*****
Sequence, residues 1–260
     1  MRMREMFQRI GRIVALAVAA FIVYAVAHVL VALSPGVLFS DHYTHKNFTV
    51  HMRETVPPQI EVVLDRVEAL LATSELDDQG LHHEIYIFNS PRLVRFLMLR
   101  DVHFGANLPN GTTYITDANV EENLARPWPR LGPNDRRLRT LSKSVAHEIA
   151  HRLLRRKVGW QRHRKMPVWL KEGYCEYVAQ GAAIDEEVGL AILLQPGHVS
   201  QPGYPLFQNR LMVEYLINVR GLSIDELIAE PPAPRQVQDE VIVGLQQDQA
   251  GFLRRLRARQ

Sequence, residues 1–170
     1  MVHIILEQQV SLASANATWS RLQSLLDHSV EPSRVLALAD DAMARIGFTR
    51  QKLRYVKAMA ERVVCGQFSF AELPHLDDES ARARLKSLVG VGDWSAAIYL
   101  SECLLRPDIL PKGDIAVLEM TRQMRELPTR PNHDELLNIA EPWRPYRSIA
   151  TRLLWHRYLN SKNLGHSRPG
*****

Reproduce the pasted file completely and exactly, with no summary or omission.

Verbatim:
Sequence, residues 1–260
     1  MRMREMFQRI GRIVALAVAA FIVYAVAHVL VALSPGVLFS DHYTHKNFTV
    51  HMRETVPPQI EVVLDRVEAL LATSELDDQG LHHEIYIFNS PRLVRFLMLR
   101  DVHFGANLPN GTTYITDANV EENLARPWPR LGPNDRRLRT LSKSVAHEIA
   151  HRLLRRKVGW QRHRKMPVWL KEGYCEYVAQ GAAIDEEVGL AILLQPGHVS
   201  QPGYPLFQNR LMVEYLINVR GLSIDELIAE PPAPRQVQDE VIVGLQQDQA
   251  GFLRRLRARQ

Sequence, residues 1–170
     1  MVHIILEQQV SLASANATWS RLQSLLDHSV EPSRVLALAD DAMARIGFTR
    51  QKLRYVKAMA ERVVCGQFSF AELPHLDDES ARARLKSLVG VGDWSAAIYL
   101  SECLLRPDIL PKGDIAVLEM TRQMRELPTR PNHDELLNIA EPWRPYRSIA
   151  TRLLWHRYLN SKNLGHSRPG